Commercial Magazine

Lawrence Yun, National Association of Realtors

Commercial Realtors remain cautiously optimistic

By Victor Whitman

Many commercial Realtors and mortgage brokers do business in the small-cap market involving properties valued below $2.5 million and covering less than 50,000 square feet. In recent years, that segment has generally seen slower growth in rents, sales prices and transaction volumes compared to the market for trophy properties located in the downtown cores of major cities. Despite that, the small-cap market also is perceived by many analysts to be more stable.

Lawrence Yun, chief economist for the National Association of Realtors, spoke with Scotsman Guide about how the commercial real estate market was performing at the start of 2020 and whether Realtors remain confident about the outlook for this year.

How is the commercial-property market doing?

I would say slow growth. We know the economy is booming by many measures — there is an all-time high in the stock market; job growth and [interest] rates are very low. So, the economy is doing quite well. I would not characterize the commercial real estate market as matching the economic performance. Nonetheless, the leasing activity is rising, according to some of our members.

Transaction volume has been steady. Of all the individual sectors, retail has been soft, with the shift toward online shopping. Otherwise, offices, warehouses and apartments are doing very well in terms of the transaction volume and their performance.

Do you perceive inventory shortages as a current problem in commercial real estate?

When we ask our members, “What are the concerns facing the market?” a lack of inventory is one of those [answers]. Everyone knows about the inventory shortage on the residential side, the housing shortage. Fewer people know about the shortage of commercial real estate. The building activity on the commercial side has not been very robust. With the continuing economic expansion, the market is just absorbing some of the vacant properties but, eventually, one needs more properties in the market.

What is the primary issue?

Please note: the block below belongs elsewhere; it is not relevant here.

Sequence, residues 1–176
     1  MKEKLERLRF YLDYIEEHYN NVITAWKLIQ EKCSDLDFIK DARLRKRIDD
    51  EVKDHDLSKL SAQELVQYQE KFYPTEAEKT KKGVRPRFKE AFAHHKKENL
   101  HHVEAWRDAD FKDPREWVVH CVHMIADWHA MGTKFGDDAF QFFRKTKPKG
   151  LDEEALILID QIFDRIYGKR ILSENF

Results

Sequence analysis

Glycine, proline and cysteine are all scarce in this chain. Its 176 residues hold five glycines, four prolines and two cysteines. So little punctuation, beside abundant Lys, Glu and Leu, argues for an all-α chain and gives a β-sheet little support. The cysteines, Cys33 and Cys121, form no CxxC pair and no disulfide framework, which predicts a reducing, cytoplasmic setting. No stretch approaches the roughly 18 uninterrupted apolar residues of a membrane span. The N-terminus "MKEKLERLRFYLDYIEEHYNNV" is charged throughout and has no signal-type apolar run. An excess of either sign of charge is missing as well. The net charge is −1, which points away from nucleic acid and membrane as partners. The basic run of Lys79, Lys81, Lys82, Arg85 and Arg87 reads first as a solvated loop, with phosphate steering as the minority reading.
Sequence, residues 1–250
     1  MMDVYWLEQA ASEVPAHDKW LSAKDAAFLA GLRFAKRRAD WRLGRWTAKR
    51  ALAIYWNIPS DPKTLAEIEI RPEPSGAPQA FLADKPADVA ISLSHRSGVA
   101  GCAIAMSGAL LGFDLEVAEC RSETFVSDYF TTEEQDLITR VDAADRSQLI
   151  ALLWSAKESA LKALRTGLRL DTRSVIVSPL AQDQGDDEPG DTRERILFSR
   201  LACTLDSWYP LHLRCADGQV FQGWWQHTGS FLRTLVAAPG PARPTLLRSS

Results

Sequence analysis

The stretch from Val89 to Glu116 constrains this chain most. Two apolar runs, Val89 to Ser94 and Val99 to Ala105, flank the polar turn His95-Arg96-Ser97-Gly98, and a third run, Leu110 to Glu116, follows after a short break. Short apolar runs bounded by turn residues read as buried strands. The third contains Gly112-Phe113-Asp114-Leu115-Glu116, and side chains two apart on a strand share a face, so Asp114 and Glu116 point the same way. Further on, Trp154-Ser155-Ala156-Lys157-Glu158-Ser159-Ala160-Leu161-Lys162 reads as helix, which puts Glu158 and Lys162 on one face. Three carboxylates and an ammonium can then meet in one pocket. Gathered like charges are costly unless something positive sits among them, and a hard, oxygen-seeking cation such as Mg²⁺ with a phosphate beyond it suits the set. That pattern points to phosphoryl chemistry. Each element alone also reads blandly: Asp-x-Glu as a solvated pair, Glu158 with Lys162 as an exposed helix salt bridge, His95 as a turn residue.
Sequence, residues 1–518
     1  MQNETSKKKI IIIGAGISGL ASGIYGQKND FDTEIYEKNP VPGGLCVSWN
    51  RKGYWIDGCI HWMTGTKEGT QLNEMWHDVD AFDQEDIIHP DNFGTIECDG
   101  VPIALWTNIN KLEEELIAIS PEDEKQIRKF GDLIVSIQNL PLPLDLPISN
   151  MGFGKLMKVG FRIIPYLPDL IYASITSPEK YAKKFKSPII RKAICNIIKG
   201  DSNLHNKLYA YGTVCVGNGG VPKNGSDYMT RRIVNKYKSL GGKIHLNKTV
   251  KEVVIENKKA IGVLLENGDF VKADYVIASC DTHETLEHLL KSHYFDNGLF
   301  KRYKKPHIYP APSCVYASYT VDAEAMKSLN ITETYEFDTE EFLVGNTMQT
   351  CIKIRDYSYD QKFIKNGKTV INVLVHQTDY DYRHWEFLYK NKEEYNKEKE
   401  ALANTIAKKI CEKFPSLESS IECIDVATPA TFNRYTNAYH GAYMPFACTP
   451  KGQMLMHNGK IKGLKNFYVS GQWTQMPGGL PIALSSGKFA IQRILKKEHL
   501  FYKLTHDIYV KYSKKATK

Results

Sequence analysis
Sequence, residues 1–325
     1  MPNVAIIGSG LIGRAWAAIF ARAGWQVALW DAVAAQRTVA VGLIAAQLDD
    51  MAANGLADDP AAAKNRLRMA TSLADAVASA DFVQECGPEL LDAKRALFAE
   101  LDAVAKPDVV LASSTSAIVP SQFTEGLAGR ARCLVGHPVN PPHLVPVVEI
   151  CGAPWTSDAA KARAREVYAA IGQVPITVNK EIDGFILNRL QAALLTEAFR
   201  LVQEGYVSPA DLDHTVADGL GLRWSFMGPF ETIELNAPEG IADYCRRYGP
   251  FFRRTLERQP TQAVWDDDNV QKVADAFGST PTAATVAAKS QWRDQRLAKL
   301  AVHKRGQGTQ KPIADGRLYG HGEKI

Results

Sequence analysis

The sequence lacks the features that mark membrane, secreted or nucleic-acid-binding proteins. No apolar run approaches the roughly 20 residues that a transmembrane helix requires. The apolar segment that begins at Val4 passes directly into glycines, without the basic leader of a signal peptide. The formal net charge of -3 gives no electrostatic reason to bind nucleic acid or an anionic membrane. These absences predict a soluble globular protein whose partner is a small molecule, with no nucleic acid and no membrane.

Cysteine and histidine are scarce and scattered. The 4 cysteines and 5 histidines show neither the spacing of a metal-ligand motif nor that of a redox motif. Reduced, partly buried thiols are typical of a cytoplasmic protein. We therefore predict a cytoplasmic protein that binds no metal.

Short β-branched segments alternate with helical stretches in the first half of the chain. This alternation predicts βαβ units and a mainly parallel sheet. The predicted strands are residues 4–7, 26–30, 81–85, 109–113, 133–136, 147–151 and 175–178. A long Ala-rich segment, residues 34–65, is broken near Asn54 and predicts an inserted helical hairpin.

It is related to new construction. We need that new construction to smooth out the inventory availability. If there is sluggish growth in new commercial construction, then it eventually leads to an inventory shortage. Whether it be residential or commercial construction, there are hurdles, including the high land-acquisition costs, the time to get planning and zoning permits, the material costs and the challenge of finding skilled construction workers. Those have been a hindrance to new construction in general.

Fewer people know about the shortage of commercial real estate.

What is your sense of the financing landscape for commercial properties?

Financing is not too difficult. The rates are low. The banking sector is flush with cash. So, overall, I would say the financing is not that concerning.

Are commercial Realtors worried that we may be getting late in the cycle and a downturn is coming?

Overall, they are confident. Commercial [real estate] activity generally follows economic activity with a six-month lag time. So, they see the economy continue to expand with job growth, which automatically increases leasing and, with increased leasing, there will be some property transactions. So, with our members overall, I would characterize them as cautiously optimistic.

What are the market threats?

The trade war was certainly a concern, but now we have a trade agreement with Canada, Mexico and with China. That list has pretty much disappeared. So, the risks would be if oil prices were to ramp up, but fortunately the oil market has been very stable. Another possibility would be if the Federal Reserve began to aggressively raise interest rates. I don’t foresee that, but if they were to do it, certainly that would slow down economic activity and, with an unforced error, could turn into an economic recession.


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